US Car Crash Deaths May Be Down, Stats Still Far Surpass All Other Nations
Apparently, car crash deaths on the roads of America remain higher than just about every other high-income country in the world. And, unfortunately, this is still true despite a fall in car crash deaths by more than one-third over the past 14 years.
To put things into perspective, roughly 90 Americans die in car crashes every day. This is the highest roadway death rate among 20 total countries examined by the US Centers for Disease Control and Prevention. Car crash deaths, in the United States, fell by more than 30 percent between 2000 and 2013 but in other countries, the same statistic fell, on average, by a whopping 56 percent over the same time period. Spain had the greatest crash death reduction rate—of 75 percent—while the United States, of course, had the smallest reduction in crash-related death rate.
“It is important to compare us not to our past but to our potential. Seeing that other high-income countries are doing better, we know we can do better, too,” comments CDC National Center for Injury Prevention and Control director Dr. Debra Houry. In a CDC news release, she goes on to say, “People of our nation deserve better and safer transport.”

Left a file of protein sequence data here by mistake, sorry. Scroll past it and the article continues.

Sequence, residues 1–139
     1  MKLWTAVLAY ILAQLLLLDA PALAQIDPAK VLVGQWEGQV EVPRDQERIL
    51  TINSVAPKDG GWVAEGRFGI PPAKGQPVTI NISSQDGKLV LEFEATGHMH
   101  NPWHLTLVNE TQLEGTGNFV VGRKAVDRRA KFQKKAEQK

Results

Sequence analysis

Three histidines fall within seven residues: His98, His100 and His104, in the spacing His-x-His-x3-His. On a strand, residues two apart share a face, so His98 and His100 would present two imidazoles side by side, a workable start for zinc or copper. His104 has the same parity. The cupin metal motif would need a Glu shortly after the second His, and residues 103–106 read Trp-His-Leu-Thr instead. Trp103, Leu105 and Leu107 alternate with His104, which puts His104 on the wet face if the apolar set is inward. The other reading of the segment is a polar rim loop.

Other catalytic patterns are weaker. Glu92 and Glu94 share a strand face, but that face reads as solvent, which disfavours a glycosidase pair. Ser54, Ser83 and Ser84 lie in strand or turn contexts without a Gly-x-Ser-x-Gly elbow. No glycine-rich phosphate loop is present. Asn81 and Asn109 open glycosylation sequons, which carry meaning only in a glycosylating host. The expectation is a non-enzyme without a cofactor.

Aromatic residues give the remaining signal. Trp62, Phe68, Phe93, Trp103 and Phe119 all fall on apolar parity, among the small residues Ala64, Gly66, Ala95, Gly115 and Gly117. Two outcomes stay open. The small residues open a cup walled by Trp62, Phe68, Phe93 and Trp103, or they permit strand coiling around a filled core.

In the report, the CDC comments that alcohol and not using seat belts figured heavily into this data and this suggests that progress to much lower rates should be not only possible, but achievable.
“We know what works to prevent crashes, injuries and deaths,” explains Erin Sauber-Schatz, who is the transportation safety team lead at the CDC’s Center for Injury Prevention. She also notes that by simply increasing seat belt use (to 100 percent) we could save up to 3,000 lives a year; eliminating alcohol-impaired driving could save as many as 10,000 lives, annually. This could save, in total then, more than 24,000 lives in the United States and, in addition, approximately $281 million in direct medical costs related to these accidents.
Dr. Guoha Li, of the Center for Epidemiology and Prevention at Columbia University, suggests that perhaps these statistics reflect that Americans probably drive more miles and for longer periods then drivers in other countries.
And Sauber-Schatz agrees this could be a contribution. She says, “The more you’re on the road, the more you’re exposed to the potential for a crash.”